CRN by-laws: New membership categories & dues structure reflects member 'business models and profit margins'

By Stephen DANIELLS

- Last updated on GMT

The new by-laws define functional foods as: “any product that is properly labeled as a ‘food’ (i.e., uses a Nutrition Facts label) under the U.S. Food, Drug & Cosmetic Act, that is formulated specifically to increase the intake of certain nutrients or other compounds and for which the manufacturer makes structure/function or health claims in its labeling.”
The new by-laws define functional foods as: “any product that is properly labeled as a ‘food’ (i.e., uses a Nutrition Facts label) under the U.S. Food, Drug & Cosmetic Act, that is formulated specifically to increase the intake of certain nutrients or other compounds and for which the manufacturer makes structure/function or health claims in its labeling.”

Related tags: Nutrition

The Council for Responsible Nutrition has announced changes to its by-laws to offer new classes of membership and a revised dues structure.

The changes will enable the association to more fully recognize the evolving nature of the dietary supplement industry and allow more kinds of companies to experience the benefits of membership, said the association.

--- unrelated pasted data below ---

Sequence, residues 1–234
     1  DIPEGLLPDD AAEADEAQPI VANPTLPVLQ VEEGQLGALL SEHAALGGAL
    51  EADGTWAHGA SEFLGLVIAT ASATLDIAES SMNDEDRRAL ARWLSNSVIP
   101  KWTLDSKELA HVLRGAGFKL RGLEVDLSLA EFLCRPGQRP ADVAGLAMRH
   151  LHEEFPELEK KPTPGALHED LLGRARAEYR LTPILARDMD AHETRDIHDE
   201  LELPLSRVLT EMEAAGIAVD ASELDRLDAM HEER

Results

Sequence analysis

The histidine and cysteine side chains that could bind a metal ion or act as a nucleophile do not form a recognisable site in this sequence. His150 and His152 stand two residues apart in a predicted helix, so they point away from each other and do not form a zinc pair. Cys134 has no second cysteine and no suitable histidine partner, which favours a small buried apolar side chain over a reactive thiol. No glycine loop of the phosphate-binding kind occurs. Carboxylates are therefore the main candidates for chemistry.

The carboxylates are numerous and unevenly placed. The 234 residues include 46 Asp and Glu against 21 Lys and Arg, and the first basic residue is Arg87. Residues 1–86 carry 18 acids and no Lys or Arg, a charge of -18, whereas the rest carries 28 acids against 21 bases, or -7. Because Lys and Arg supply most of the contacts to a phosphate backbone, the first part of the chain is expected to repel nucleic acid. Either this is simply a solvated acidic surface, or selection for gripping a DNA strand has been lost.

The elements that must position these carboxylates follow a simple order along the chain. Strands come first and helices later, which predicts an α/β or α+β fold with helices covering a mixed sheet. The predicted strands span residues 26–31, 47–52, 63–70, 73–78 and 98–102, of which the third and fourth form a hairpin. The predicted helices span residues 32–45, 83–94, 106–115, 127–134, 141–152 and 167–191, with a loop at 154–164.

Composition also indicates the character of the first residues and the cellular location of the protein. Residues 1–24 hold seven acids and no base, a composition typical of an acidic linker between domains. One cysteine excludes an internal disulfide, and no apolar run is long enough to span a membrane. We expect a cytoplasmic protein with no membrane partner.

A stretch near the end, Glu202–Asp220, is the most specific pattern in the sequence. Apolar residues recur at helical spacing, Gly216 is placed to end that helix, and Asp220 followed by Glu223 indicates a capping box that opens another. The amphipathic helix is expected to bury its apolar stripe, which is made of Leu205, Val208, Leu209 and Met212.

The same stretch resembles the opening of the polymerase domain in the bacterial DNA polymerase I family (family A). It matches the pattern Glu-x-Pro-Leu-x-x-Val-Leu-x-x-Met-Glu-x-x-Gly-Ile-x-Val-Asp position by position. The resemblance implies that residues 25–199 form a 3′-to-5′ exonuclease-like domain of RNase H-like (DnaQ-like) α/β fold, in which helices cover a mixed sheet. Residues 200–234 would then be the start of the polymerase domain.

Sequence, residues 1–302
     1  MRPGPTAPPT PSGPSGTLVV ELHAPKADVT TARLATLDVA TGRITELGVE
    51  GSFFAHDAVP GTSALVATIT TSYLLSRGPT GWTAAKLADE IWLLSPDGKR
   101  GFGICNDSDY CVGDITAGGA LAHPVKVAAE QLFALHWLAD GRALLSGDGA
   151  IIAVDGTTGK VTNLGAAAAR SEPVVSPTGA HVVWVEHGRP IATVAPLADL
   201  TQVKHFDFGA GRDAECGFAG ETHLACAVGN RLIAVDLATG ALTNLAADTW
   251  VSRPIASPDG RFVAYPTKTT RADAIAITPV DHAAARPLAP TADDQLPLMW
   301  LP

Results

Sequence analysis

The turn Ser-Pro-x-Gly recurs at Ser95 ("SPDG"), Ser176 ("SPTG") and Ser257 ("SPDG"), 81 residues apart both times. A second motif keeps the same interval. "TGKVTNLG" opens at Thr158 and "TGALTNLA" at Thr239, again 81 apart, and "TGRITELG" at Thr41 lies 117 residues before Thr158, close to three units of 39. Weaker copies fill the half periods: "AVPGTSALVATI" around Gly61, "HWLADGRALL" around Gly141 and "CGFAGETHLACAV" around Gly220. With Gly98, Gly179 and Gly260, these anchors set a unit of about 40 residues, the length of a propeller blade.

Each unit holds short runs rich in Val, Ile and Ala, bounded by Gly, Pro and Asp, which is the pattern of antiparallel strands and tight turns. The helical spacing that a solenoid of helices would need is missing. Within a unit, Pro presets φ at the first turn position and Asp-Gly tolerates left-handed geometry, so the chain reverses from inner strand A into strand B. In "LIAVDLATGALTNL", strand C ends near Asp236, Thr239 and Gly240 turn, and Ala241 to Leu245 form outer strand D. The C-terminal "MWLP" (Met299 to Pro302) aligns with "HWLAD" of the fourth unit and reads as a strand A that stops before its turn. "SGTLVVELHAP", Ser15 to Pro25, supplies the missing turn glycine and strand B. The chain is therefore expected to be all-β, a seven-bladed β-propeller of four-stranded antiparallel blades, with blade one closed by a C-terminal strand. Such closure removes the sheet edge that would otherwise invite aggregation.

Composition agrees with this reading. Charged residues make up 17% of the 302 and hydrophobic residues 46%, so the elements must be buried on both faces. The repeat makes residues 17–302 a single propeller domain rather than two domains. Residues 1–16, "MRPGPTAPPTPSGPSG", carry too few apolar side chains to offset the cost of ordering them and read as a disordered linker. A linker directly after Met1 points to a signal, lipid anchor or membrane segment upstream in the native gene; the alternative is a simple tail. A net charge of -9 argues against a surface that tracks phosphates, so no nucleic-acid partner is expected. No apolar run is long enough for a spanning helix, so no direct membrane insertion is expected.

“CRN has been fortunate to see a steady stream of membership growth in recent years, and with these changes to our membership categories and dues structure, we are poised to welcome even more companies who manufacture or market dietary supplements or functional foods,” ​said Steve Mister, CRN President & CEO.

“In addition, our new dues structure recognizes that many industry players have multiple roles, and more fairly reallocates the obligations of membership. Together these revisions will strengthen CRN and the future of our industry.” 

Categories

The association now recognizes four categories of Voting Members: Branded finished product manufacturers, contract manufacturers, ingredient manufacturers, and ingredient representatives/distributors. Each category has different dues rates to reflect their relative business models and profit margins, said CRN.

The revised by-laws also address the functional food category. Unlike dietary supplements, there is no regulatory definition for functional foods, and the new by-laws create a definition as “any product that is properly labeled as a ‘food’ (i.e., uses a Nutrition Facts label) under the U.S. Food, Drug & Cosmetic Act, that is formulated specifically to increase the intake of certain nutrients or other compounds and for which the manufacturer makes structure/function or health claims in its labeling.”

These changes become effective in 2014, but companies joining before the end of the year may take advantage of the new rates, should they choose to do so. 

Related topics: Markets

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